He lost his leg at four days old…

Melissa's little boy hasn't let a missing limb slow him down

Melissa Wilkins, 37, Melbourne, Vic

A look of determination spread across my little boy’s face as he gripped his walker.

‘Go Seb!’ I cheered as he proudly wobbled one leg in front of the other.

While every mum cherishes those incredible first steps, there’s a reason why Seb’s were so precious.

You see, my brave boy’s left leg was amputated at just four days old.

Now almost two, Seb’s become one of the youngest children in Victoria to receive a prosthetic limb. It’s just another step in his journey, which started before he was even born…

When I first discovered I was pregnant with twin boys, my partner, Jai, 36, and I were so excited.

But at 16 weeks, I started to notice my bump was growing too quickly.

I was diagnosed with twin-to-twin transfusion. It meant my babies were sharing a placenta, blood flowing from one twin to the other. Also, one was growing much faster than the other was.

After that, I was in and out of hospital for treatment.

But at 20 weeks, my waters broke. Admitted to hospital again, I urged my babies to stay put.

At 23 weeks, a routine ultrasound revealed devastating news. One of my little boys had passed away.

Naming him Zac, Jai and I grieved for the son we’d never meet. It was up to his brother to keep fighting.

‘We just have to hold on,’ I said, gently rubbing my tummy.

At 27 weeks,I began having contractions and was whisked in for a caesarean.

With Jai by my side, our little miracle came into the world. Weighing just 890 grams, we named him Sebastian.

But something wasn’t right.

In hospital with my tiny baby (Credit: Supplied)

‘Is he okay?’ I asked.

‘There’s something wrong with his leg,’ a doctor replied.

I squeezed Jai’s hand. ‘Go and look,’ I urged him.

All I heard next was Jai wailing. Everything was a blur as a nurse brought a tightly wrapped Seb over to me. I couldn’t see his body, but my stomach twisted with nerves. What was wrong with him?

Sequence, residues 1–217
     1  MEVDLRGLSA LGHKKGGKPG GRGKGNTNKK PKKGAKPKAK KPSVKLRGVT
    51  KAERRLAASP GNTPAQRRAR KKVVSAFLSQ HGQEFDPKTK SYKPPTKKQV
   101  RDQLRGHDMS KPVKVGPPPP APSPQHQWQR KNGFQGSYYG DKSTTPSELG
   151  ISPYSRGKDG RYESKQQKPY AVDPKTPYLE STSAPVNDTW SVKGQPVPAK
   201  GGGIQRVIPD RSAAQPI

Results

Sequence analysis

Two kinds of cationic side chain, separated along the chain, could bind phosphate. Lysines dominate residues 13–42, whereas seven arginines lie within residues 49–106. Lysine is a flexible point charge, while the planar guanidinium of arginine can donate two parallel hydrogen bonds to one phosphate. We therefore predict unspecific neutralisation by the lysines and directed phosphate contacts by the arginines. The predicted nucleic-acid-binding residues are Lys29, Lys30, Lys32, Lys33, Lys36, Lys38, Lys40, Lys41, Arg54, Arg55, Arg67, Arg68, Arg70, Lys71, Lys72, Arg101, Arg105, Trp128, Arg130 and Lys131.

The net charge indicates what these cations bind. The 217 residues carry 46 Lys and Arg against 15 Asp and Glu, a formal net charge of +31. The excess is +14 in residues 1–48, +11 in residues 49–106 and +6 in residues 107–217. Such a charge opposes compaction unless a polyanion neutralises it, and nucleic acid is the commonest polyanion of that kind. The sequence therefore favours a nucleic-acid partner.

Jai went to the Royal Children’s Hospital with Seb while I recovered.

Desperate to see him, I walked out of the ward.

‘I have to be with my son,’ I told the nurses.

When I saw Seb in his humidicrib, my heart broke.

Surrounded by a tangle of machines and wires, he looked so tiny. We still didn’t know what happened, and dressings and plastic covered his leg. No-one could explain how it had been damaged.

But being a premmie, Seb had more battles to fight.

He had two hernias, chronic lung syndrome, and a valve in his heart needed to be operated on.

‘His leg isn’t the issue,’ doctors said. ‘We need to focus on him surviving.’

Brave little Seb in his humidicrib (Credit: Supplied)

A few days later, I was with Seb when the nurses changed the dressing on his leg. What I saw left me in shock.

His leg was just a tiny pale bone with a small piece of flesh at the top. There was no skin – I could even see the bones of his toes.

‘We’ll work through this,’ I thought. ‘We have to be grateful he’s alive.’

But our little boy developed a terrible infection, all because of his damaged leg.

‘We have to amputate,’ the doctor said. ‘And we need to do it now.’